Manna, Z., & Waldinger, R. (1978). Is “sometime” sometimes better than “always”? Intermittent assertions in proving program correctness. Communications of the ACM, 21(2), 159-172.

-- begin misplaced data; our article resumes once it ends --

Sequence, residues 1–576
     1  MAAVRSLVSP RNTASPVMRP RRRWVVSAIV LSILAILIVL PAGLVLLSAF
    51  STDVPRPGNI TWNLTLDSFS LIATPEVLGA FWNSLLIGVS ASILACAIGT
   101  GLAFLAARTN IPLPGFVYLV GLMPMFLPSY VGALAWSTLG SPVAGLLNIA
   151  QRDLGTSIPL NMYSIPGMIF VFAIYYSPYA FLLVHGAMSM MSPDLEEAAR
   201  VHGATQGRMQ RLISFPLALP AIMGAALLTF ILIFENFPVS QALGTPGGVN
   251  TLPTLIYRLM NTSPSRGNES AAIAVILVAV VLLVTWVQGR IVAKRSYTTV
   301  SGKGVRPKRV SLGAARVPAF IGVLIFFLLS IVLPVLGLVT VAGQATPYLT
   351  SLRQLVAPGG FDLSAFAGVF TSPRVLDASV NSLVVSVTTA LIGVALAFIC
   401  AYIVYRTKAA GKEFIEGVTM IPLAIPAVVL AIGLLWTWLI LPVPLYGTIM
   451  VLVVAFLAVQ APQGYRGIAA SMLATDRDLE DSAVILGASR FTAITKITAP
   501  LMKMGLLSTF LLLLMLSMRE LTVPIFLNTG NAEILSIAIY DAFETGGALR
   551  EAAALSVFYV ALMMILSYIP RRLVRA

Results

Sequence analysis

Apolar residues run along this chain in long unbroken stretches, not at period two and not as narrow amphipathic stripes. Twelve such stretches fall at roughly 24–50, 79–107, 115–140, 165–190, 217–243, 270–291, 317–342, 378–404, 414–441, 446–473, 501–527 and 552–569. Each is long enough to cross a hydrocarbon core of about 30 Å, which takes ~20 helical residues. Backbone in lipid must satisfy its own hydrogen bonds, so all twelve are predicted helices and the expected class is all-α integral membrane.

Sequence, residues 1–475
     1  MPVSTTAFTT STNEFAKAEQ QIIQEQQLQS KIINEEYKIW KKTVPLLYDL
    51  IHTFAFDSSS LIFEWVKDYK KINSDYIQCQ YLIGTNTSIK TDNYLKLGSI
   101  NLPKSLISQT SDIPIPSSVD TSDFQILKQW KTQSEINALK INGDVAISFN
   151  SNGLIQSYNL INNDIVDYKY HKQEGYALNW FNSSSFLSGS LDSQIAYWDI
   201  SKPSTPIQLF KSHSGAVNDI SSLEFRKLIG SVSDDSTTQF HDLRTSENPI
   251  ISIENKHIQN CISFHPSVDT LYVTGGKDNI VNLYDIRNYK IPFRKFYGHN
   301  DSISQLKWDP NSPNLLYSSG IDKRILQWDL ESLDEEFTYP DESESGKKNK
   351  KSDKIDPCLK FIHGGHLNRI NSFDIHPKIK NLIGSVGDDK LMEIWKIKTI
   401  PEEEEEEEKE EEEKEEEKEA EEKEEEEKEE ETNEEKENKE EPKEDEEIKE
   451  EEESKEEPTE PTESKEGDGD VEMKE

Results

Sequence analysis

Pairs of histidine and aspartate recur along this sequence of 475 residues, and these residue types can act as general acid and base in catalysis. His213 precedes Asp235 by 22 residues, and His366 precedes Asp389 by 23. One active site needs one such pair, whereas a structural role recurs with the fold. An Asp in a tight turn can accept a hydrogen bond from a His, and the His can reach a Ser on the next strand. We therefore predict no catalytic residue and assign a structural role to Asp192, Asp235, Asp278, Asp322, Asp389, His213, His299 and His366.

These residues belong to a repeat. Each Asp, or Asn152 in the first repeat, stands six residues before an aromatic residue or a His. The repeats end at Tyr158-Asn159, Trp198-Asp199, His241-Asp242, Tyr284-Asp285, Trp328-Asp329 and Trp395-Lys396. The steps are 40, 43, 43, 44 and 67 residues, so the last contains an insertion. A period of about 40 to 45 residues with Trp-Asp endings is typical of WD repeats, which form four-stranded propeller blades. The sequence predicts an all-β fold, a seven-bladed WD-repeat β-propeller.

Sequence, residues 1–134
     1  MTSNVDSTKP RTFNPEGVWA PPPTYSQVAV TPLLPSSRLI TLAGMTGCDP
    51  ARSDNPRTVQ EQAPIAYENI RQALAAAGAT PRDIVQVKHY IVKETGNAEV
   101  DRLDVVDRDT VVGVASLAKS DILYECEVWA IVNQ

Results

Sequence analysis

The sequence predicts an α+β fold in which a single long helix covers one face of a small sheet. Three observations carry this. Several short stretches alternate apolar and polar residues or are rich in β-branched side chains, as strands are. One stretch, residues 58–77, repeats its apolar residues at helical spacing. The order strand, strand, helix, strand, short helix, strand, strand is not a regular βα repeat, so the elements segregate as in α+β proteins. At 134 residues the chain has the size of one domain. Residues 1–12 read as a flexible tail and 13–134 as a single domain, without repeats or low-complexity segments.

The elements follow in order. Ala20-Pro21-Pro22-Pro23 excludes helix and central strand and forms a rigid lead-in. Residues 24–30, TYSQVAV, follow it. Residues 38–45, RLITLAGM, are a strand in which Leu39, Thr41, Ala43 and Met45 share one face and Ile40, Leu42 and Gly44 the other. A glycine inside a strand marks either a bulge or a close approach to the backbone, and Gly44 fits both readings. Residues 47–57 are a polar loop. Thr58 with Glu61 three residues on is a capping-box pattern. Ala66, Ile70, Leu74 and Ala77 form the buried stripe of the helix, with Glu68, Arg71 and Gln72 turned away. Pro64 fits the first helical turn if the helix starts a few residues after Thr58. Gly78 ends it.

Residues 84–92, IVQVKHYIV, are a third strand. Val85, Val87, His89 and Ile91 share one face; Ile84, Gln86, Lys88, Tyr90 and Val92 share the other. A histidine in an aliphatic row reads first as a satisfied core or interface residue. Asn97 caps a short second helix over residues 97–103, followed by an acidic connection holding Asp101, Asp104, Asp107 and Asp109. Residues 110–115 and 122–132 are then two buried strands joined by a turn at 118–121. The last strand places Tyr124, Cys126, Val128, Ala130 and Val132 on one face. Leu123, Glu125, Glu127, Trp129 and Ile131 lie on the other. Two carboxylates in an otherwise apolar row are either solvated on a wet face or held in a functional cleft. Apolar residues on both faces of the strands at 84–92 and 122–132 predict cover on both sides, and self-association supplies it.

This paper explores a technique for proving the correctness and termination of programs simultaneously. This approach, which we call the intermittent-assertion method, involves documenting the program with assertions that must be true at some time when control is passing through the corresponding point, but that need not be true every time. The method, introduced by Knuth and further developed by Burstall, promises to provide a valuable complement to the more conventional methods. We first introduce and illustrate the technique with a number of examples. We then show that a correctness proof using the invariant assertion method or the subgoal induction method can always be expressed using intermittent assertions instead, but that the reverse is not always the case. The method can also be used just to prove termination, and any proof of termination using the conventional well-founded sets approach can be rephrased as a proof using intermittent assertions. Finally, we show how the method can be applied to prove the validity of program transformations and the correctness of continuously operating programs.